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How to Stop Practicing Dentistry From Hurting Your Body and Health

Do you tend to have less-than-perfect posture throughout the day? Do you know what the long-term effects of poor posture are?

It’s no secret that the dental profession is physically, mentally, and emotionally demanding. As dental professionals, we take care of others even at the cost of our own health. Improper posture can cause musculoskeletal disorders and occupational pain that can reduce your career’s longevity and limit your quality of life. 

Slouching and accommodating your body to a patient is one of the most common ergonomic mistakes a person can make. Practicing better posture, regardless of your profession, is one of the best things you can do for your long-term health, regardless of your profession.

Stand tall

The field of ergonomics is changing rapidly, and many people and businesses have taken notice. New technologies and products likes loupes, loupe straps, saddle stools, and patient cushions, as well as companies that will assess your posture are emerging and improving their products to prevent musculoskeletal disorders. 

Utilizing these ergonomic products and services can reduce your chances of chronic pain and potential injury as someone working in the dental field. It is essential to take the time to position yourself and the patient properly as that will increase quality of care, productivity, and your posture.

Stretching and physical activity are also ways to prevent musculoskeletal disorders and pain. Staying physically active is not only good for your physical health, but your mental health as well. For example, yoga can help with flexibility, stress-reduction, mindfulness, and posture. It has also been shown to strengthen the immune system. 

Tools of the trade

Making sure you have sharpened instruments can prevent injury and subsequent hand pain. Repetitive overuse of dull instruments increases your risk of developing hand disorders like carpal tunnel, ganglion cysts, and tendonitis. There are multiple sharpening aids on the market that can make it easier for clinicians to sharpen their tools more efficiently and effectively.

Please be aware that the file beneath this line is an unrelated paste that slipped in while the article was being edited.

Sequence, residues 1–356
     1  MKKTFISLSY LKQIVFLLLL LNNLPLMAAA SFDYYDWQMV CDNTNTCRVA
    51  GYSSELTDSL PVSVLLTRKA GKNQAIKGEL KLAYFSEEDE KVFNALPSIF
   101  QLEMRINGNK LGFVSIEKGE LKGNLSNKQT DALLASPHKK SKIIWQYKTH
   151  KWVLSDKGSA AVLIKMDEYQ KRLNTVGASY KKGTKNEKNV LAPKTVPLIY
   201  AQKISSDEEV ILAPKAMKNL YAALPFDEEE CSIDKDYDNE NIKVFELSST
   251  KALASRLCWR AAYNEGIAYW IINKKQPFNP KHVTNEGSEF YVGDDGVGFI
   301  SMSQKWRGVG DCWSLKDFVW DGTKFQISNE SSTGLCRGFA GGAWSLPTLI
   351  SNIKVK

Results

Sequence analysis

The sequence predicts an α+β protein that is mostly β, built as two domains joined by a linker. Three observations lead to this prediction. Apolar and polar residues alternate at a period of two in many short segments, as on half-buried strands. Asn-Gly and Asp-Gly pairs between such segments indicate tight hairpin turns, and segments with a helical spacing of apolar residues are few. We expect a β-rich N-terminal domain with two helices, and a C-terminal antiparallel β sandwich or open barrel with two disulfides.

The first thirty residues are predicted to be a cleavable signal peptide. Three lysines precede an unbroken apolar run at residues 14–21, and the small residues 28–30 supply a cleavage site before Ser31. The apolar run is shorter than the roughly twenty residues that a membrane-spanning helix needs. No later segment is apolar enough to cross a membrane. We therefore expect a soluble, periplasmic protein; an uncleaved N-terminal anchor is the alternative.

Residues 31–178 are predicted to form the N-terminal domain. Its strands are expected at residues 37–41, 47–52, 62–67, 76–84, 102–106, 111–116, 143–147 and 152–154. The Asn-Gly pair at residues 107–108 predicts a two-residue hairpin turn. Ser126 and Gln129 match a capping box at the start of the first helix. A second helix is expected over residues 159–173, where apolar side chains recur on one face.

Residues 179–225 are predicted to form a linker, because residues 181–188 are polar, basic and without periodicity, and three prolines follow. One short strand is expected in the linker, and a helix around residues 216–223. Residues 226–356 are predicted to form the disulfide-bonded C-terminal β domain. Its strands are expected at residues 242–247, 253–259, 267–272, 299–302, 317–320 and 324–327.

Another great injury-prevention strategy is to incorporate several breaks throughout the day — whether it’s a two-minute bathroom break or a walk around the office. It can sometimes be tempting to skip bathroom breaks when your schedule is full, but this can damage muscles and kidneys if it becomes habitual. 

You also need to stay hydrated as dehydration can cause headaches, fatigue, and xerostomia, all of which will negatively affect your daily performance. 

We are prevention specialists who need to practice quality ergonomics to enhance our overall health and increase career longevity. Dental professionals must protect their bodies to live pain-free and have an active life during and after their dental career. So prepare for the day: Stretch, exercise, practice mindfulness, have sharp instruments, take breaks, utilize ergonomic equipment, and stay hydrated!

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